The government would provide up to a 30% tax credit for companies to expand or build new facilities that make products to reduce carbon emissions.
The Biden administration is endeavouring to assert itself as a cohesive force to tackle climate change, while ensuring the economy still offers good-paying jobs. A new bill aims to put that thinking into play directly. This week, Democrats introduced the American Jobs in Energy Manufacturing Act, which would provide up to a 30% tax credit for companies building products and technology that reduce carbon emissions.
More specifically, these companies would need to expand or build new facilities in the US and employ American workers to build various "parts and technologies needed to reduce carbon emissions," according to the announcement.
For example, firms making electric car batteries or EVs themselves would eligible. As would companies in the US making semiconductor chips, components to strengthen the renewable energy sector and carbon-capture technology. Half of the $8 billion proposed in the legislation would be set aside for communities where coal mines and plants closed in an effort to bring along areas reliant on fossil fuel production.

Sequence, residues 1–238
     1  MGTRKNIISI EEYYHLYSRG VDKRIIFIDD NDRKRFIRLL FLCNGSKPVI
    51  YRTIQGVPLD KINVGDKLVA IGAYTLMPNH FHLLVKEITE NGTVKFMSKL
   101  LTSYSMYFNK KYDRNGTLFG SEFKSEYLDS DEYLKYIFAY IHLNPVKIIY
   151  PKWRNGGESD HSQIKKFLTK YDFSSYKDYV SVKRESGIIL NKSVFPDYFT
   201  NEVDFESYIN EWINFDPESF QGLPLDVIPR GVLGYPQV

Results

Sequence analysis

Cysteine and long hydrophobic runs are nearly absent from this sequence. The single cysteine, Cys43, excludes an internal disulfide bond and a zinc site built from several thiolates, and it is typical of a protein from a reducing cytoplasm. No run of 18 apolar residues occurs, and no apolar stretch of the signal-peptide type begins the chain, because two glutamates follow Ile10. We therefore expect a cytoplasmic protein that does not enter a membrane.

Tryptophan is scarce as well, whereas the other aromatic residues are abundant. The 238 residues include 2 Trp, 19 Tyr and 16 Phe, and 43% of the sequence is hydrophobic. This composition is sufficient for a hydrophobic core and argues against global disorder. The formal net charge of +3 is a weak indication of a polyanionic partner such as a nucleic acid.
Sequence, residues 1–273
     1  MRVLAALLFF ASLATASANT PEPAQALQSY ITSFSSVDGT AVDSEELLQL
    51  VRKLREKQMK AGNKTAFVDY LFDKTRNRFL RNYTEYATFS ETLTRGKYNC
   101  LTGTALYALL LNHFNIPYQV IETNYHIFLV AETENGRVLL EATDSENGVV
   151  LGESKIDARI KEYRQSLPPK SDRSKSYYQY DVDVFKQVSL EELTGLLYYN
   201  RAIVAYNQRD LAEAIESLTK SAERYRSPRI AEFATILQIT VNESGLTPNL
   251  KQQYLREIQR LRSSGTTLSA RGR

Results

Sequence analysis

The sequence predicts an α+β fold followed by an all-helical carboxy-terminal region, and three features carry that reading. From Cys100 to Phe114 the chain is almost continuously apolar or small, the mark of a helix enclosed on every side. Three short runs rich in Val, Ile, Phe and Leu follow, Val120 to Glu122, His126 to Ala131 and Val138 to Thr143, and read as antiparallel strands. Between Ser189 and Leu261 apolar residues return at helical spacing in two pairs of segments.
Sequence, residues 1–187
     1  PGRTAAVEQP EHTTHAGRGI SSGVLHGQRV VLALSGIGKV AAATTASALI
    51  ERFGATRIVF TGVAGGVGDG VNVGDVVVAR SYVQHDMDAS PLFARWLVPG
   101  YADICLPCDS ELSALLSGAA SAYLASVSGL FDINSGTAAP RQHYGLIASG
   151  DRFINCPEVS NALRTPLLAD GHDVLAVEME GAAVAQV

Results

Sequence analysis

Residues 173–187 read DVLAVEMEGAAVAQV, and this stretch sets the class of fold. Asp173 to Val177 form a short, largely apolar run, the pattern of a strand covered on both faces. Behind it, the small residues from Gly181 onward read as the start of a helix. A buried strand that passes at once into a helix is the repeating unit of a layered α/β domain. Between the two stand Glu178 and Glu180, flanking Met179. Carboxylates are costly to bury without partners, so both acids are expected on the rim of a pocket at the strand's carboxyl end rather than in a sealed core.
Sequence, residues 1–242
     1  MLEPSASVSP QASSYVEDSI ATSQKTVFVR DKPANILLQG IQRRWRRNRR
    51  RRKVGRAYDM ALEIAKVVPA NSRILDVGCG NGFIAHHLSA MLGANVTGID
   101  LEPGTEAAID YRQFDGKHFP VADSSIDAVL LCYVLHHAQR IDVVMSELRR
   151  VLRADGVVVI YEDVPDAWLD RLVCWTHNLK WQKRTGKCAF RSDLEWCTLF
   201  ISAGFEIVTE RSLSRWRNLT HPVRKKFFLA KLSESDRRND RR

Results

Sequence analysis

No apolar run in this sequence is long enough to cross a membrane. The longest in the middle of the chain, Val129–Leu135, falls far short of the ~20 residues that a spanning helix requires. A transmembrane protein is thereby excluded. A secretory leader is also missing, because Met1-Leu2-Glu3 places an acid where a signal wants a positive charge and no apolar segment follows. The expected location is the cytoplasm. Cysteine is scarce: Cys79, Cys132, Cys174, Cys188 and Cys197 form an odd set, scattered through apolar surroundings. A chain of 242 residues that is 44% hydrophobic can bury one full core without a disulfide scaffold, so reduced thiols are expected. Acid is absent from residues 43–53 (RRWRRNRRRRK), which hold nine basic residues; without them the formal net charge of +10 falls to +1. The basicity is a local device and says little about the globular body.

"We have fallen behind countries like China, and the COVID-19 crisis has exposed gaps in our domestic manufacturing," Senator Debbie Stabenow said in a statement. "The good news is, we can do something about it. I introduced the American Jobs in Energy Manufacturing Act to address our supply chain shortages and drive investment in clean energy, automotive and battery manufacturing. This bill ensures that America - not China - will lead the way in the clean energy revolution."